to see Namboothiri and even if Namboothiri saw a dalit he/she considers as
polluted and have to undergo purifying rituals. Also this dalit will be
punished severely even it can be death. They were also prohibited the free
entry to the market. Ezhavas were also an untouchable caste but they also
treated Pulayar caste as untouchables.


The false story

Story goes that during the reign of mighty asura
(demon) king, Mahabali, Kerala witnessed its golden era. Everybody in the state
was happy and prosperous and king was highly regarded by his subjects. Apart
from all his virtues, “Mahabali had one shortcoming. He was egoistic”.
This weakness in Mahabali’s character was utilized by Gods to bring an end to
his reign as they felt challenged by Mahabali’s growing popularity. However,
for all the good deed done by Mahabali, God granted him a boon that he could
annually visit his people with whom he was so attached. It is this visit of
Mahabali that is celebrated as Onam every year. People make all efforts to
celebrate the festival in a grand way and impress upon their dear King that
they are happy and wish him well. In this story the King Mahabali is said to

But the other story which I heard from my childhood was
that the Gods became jalousie in Mahabali’s growth and popularity. They felt
threatened about their own supremacy and began to think of a strategy to get
rid of the dilemma. They fear that the people will forget to worship them. So
they conspired to kill Mahabali.
It was said Mahabali was very generous
and charitable. Whenever anybody approached him for help or requested for
anything he always granted. Disguised as Vamana, Vishnu said he was a poor
Brahmin and asked for a piece of land. The generous King said, he could have as
much land as he wanted. The Brahmin said that he just wanted as much land as
could be covered by his three steps. The King was surprised to hear but agreed.

A learned adviser of the King, Shukracharya sensed
that Vamana was not an ordinary person and warned the King against making the
promise. But, the generous King replied that it would be a sin for a King to
back on his words and asked the Brahmin to take the land. The King could not
imagine that the dwarf Brahmin was Lord Vishnu himself.

Just as King Mahabali agreed to grant the land, Vamana
began to expand and eventually increased himself to the size of cosmic proportions.
With his first step the Brahmin boy covered the whole of earth and with the
other step he covered the whole of the skies. He then asked King Mahabali “where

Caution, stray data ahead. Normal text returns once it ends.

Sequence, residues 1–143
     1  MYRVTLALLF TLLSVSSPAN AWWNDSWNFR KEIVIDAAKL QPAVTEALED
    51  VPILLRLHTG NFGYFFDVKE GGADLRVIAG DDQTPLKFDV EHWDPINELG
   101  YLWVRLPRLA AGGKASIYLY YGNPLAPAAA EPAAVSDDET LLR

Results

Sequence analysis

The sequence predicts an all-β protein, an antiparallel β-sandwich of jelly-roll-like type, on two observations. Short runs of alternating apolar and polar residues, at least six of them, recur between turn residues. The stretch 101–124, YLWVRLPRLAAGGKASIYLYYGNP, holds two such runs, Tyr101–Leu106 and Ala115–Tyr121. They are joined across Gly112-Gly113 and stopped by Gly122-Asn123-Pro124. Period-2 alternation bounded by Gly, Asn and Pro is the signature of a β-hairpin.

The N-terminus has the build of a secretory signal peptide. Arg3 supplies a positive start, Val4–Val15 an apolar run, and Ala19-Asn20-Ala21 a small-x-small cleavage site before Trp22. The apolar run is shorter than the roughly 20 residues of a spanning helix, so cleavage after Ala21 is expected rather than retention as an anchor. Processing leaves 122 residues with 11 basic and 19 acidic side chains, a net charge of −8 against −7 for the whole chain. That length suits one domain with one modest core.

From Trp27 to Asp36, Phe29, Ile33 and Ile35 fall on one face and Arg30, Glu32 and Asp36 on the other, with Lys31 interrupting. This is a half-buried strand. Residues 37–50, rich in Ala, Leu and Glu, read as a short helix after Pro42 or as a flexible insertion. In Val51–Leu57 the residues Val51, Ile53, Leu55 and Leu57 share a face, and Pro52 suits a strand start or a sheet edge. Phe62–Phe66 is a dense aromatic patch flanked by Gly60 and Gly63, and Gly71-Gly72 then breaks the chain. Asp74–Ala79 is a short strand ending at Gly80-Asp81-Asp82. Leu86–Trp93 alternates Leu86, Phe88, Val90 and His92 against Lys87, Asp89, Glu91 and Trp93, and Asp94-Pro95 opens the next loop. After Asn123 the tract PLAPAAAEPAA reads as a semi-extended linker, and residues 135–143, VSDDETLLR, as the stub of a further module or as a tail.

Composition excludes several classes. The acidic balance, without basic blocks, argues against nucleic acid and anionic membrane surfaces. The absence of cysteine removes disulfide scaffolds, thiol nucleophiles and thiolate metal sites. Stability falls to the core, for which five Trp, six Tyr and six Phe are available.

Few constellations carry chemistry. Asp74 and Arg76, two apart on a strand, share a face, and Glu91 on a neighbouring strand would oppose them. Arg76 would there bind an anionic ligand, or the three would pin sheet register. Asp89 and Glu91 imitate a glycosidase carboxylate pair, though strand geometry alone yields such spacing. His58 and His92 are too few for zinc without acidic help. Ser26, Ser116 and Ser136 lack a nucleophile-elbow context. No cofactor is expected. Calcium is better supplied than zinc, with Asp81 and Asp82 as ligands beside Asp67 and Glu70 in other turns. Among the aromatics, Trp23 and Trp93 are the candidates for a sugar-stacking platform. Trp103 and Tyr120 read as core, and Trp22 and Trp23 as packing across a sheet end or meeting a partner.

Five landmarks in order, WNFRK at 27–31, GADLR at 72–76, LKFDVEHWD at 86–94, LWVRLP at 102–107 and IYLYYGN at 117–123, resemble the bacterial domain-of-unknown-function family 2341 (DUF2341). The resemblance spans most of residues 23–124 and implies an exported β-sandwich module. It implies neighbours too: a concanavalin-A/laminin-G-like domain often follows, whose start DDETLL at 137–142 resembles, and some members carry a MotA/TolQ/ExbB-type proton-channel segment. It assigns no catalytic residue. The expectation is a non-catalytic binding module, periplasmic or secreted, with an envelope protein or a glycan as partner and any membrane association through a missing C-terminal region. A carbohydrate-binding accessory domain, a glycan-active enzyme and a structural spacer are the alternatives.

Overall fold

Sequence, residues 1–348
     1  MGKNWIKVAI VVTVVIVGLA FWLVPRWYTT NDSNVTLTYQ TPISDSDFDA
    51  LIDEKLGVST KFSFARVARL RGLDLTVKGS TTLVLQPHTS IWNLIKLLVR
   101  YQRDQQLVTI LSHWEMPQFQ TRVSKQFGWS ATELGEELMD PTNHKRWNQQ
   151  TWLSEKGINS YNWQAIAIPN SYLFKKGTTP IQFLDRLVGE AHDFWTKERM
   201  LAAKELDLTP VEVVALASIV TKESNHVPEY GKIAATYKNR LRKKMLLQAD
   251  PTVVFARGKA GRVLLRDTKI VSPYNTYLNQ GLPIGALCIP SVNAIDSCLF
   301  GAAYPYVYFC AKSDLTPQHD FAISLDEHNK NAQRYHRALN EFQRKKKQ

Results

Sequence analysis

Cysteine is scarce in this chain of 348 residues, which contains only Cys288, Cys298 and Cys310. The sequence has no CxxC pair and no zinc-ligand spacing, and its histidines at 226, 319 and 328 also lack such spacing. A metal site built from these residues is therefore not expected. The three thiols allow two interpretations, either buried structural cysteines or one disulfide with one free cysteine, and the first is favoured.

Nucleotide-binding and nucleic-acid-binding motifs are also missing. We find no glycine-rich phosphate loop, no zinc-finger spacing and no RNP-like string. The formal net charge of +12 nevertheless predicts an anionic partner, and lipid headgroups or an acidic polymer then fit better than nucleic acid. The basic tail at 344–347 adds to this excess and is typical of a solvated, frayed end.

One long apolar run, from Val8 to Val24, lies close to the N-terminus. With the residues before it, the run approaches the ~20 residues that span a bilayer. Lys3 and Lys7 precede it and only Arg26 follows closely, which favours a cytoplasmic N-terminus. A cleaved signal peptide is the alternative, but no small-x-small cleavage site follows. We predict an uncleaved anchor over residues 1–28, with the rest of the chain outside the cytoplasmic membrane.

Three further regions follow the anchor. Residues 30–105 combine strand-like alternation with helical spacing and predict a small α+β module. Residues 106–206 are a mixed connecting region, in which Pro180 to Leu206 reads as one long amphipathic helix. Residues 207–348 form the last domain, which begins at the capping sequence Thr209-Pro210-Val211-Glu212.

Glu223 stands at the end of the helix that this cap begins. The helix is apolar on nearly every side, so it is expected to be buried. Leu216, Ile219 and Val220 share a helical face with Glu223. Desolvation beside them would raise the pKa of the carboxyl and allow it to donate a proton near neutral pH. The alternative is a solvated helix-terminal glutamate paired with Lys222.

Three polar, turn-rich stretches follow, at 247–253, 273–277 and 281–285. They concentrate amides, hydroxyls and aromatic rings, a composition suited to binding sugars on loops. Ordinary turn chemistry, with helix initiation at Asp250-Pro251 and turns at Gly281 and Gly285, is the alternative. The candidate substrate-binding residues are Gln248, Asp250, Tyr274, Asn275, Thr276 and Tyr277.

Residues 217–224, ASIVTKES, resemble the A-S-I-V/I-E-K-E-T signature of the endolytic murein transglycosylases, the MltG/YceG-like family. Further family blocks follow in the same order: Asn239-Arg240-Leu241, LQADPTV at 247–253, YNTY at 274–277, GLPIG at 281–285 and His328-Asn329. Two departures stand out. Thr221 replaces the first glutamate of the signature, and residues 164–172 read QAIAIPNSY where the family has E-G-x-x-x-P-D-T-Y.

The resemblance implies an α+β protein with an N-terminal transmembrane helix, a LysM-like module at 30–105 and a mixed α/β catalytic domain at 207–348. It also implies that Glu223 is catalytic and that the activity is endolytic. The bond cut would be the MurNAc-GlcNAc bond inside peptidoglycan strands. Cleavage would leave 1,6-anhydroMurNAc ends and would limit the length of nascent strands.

is the space for him to keep his third foot?”

The King realised that he was no ordinary Brahmin and
his third step will destroy the earth. Mahabali with folded hands bowed before
Vamana and asked him to place his last step on his head so that he could keep
the promise. The Brahmin placed his foot on the head of the King, which pushed
him to patala, the nether world. There the King requested the Brahmin to reveal
his true identity. Lord Vishnu then appeared before the King in his person. The
Lord told the King that he came to test him and the King won the test. King
Mahabali was pleased to see his lord. Lord Vishnu also granted a boon to the
King. The King was so much attached with his Kingdom and people that he
requested that he be allowed to visit Kerala once in a year. Lord Vishnu was
moved by the Kings nobility and was pleased to grant the wish.

So Keralits celebrate Onam as welcoming of Mahabali.
But gradually the story seems to change according to upper caste interest.


Ever since the 10th century the dominant
castes have established many myths as history. They said that the Kerala was
created by Parasuram (an Avatar of lord Vishnu). The mythology of Parashurama
tells that he recoveres Kerala from Kanniykumari to Gokarnam from the see with
the help of his axe. If we take the chronological order of Dashavatara is
Matsya, Kurma, Varaha, Narasimha, Vamana, Parashurama, Rama, Krishna, Balarama
and Kaliki.  Here in the dashavatara
itself we can see the irony, Vamana came before Parashurama and Kerala was
created by Parashurama. Mahabali ruled Kerala and Vamana killed Mahabali.
Before creating the Kerala how Mahabali ruled Kerala? If Mahabali ruled Kerala
how Vamana can kill him?


Genesis of Onam

It is the day of the visit of King Mahabali to Kerala
that is celebrated as Onam every year. The festival is celebrated as a tribute
to the sacrifice of King Mahabali. Every year people make elaborate